09/22/2011 12:57PM

Hastings: Apprentice Marti attracting some attention

Email

VANCOUVER, British Columbia – Hard work, talent, and a little bit of luck are some of the ingredients required for success. Apprentice jockey Alex Marti appears to have the first two prerequisites, and being at the right place at the right time could help propel the 19-year-old to a successful riding career.

Marti (pronounced Martee) moved his tack from Woodbine to Hastings a few weeks ago and is beginning to impress local trainers with his riding ability. He also is going to have more chances at Hastings than he did at Woodbine, where there are significantly more riders competing for some of the best purses in North America. Also, one of the top riders at Hastings, Pedro Alvarado is out for the remainder of the year with a back injury.

With limited English skills, and not really knowing anyone when he showed up at Woodbine this spring, it wasn’t surprising that it was hard for Marti to make an impact.

“He just showed up with his uncle one day,” said Mike Luider, his agent at Woodbine. “He had a tape of some of the races he rode and paperwork from the Argentinian Jockey Club, which was just about impossible to understand. It took the stewards about 10 days to figure out what his apprentice status was. It was also hard for him, because the meet was already under way. He is a wonderful kid and he’s an excellent horsemen. He should do well out there.”

Luider also books mounts for Emma-Jayne Wilson.

According to Marti, in 57 starts in Argentina, he won 11 races. The stewards at Woodbine ruled that only four would count and that he would lose his 10-pound status when he won his first race in Canada. He will get a seven-pound allowance until he wins his 30th race. His only win at Woodbine came via disqualification.

Marti was born in Canada, but grew up in Argentina.

“My father spent about 10 years working construction in Ontario, and I was born there just before we went back to Argentina,” Marti said.

Marti was introduced to racing by his father, who is an exercise rider at Hipodromo de Mendoza in Santiago. His father also plays polo. Marti started exercising horses with his father at the track when he was 17.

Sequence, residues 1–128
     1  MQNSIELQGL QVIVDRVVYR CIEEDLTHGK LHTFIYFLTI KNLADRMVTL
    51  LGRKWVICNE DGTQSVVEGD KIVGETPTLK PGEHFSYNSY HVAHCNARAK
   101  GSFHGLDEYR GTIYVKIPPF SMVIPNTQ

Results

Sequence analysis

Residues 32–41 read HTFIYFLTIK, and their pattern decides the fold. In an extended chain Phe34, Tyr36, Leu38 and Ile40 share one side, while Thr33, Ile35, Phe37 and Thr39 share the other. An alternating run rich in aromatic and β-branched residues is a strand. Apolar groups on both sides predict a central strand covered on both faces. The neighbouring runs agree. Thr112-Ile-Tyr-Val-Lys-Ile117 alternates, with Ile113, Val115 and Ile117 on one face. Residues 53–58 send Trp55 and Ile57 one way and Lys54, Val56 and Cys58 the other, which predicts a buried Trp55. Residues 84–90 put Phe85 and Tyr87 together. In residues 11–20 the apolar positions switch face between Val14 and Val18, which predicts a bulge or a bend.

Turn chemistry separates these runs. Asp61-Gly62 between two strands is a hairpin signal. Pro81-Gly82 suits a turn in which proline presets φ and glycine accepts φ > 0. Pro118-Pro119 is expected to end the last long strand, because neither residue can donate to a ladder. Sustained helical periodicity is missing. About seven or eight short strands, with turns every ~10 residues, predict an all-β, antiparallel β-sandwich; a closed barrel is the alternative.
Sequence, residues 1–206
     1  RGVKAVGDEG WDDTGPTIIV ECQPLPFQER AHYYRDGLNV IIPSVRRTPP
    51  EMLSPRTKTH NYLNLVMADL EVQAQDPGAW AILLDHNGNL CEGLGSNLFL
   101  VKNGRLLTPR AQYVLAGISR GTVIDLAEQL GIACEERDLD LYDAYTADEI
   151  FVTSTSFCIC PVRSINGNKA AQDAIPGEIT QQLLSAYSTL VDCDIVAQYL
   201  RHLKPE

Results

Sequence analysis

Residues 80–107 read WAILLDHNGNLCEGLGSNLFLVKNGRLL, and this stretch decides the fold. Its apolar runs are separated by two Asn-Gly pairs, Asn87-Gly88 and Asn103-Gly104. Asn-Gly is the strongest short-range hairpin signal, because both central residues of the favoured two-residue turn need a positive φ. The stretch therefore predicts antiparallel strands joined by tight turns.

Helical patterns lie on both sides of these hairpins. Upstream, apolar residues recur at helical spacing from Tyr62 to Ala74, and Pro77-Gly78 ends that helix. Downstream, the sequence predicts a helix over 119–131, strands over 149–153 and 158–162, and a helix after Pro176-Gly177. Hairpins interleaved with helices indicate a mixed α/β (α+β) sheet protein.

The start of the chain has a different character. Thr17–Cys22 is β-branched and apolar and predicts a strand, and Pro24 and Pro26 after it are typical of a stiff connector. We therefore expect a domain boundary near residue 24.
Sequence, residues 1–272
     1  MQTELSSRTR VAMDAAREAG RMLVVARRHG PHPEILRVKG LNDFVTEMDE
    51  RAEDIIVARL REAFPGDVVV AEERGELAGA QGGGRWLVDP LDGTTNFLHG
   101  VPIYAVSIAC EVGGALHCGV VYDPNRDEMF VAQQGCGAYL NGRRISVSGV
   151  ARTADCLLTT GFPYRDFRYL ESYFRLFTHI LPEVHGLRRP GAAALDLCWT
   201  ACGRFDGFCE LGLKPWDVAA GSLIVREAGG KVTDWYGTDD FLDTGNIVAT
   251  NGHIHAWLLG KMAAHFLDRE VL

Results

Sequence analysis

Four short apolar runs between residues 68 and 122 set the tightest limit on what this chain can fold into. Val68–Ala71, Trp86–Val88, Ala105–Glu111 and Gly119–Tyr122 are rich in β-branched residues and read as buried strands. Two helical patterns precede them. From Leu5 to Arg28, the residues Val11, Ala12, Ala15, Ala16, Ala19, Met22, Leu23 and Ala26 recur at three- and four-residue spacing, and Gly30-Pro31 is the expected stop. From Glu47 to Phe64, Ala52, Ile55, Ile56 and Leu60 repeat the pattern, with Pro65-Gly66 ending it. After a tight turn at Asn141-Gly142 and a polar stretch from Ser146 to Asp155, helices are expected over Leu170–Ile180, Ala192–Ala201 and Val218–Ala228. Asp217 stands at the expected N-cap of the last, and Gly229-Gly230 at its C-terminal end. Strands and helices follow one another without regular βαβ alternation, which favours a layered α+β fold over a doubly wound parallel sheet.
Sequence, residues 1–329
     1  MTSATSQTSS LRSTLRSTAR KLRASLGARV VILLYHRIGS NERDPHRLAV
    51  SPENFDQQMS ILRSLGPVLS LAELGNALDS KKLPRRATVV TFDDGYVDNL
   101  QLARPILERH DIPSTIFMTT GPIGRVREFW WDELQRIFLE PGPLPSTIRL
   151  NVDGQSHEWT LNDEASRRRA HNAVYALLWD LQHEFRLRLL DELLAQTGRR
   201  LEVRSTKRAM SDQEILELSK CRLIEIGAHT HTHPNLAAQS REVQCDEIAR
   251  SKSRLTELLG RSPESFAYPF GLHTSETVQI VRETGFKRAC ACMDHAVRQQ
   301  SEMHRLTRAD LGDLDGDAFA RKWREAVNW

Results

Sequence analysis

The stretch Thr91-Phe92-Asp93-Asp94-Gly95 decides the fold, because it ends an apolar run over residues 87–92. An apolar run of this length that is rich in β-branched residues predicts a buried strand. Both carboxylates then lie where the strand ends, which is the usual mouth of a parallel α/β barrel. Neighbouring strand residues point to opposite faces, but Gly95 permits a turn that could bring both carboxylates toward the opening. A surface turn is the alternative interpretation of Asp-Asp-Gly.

“No polo for me,” Marti said. “But I learned a lot by watching my father ride. I also rode Quarter Horses when I was younger.”

On a recommendation from Gerry Olguin, a former leading jockey at Hastings who currently rides at Woodbine, Marti decided to give Hastings a try.

“I came to Hastings because I wanted to get more experience riding,” Marti said. “Hopefully by riding more races, I can improve my riding ability.”

It was a similar situation to when he arrived at Woodbine. He didn’t know anyone here, and it isn’t easy breaking into a meet that is winding down and most of the live mounts are taken. After bringing home a couple of longshots last weekend, his prospects appear to have increased dramatically.

In one of his wins, he gave Bearrock N Roll a textbook ride. Bearrock N Roll broke sharply from his outside post and Marti had to make a split decision on whether to put the horse into the race early and possibly go wide or ease him into a stalking position and save ground going around the first turn. He chose the latter, and while a duel was developing in front of him, Marti moved Bearrock N Roll to the rail and waited patiently until the three-eighths pole, where he made another astute decision. Instead of going three wide around the second turn, he split horses, again saving valuable ground.

Bearrock N Roll’s trainer, Craig MacPherson was impressed with the ride. MacPherson is currently second in the trainer’s standings behind Troy Taylor.

“He did a great job on Bearrock N Roll,” MacPherson said. “I had been watching him ride and wanted to give him a shot on a horse. It worked out well for both of us. I’m not a rider myself, but he looks good on a horse, and Bearrock N Roll certainly ran well for him. He’ll certainly get more opportunities from my barn.”

Marti is a quick study, and it didn’t take him long to figure out one of the more important aspects about riding at Hastings.

“I am always trying to save ground,” he said. “It really hurts their chances if they have to go wide around the turns.”

Trainer Peter Gregory thinks Marti’s strength and his strong work ethic will help him be successful at Hastings.

“He’s really willing to help out in the mornings and he always seems to be available,” Gregory said. “He’s just a hard-working guy, and it looks like he can ride a bit.”

Marti is planning to go back to Woodbine when the Hastings meet ends Oct. 2.

“I just want to get as much experience as possible,” he said. “I am looking forward to coming back here next year.”

Marti understands and can speak some English, but the interview couldn’t have taken place without the help of Edgar Mendoza.

“That is something else I will be working on,” Marti said.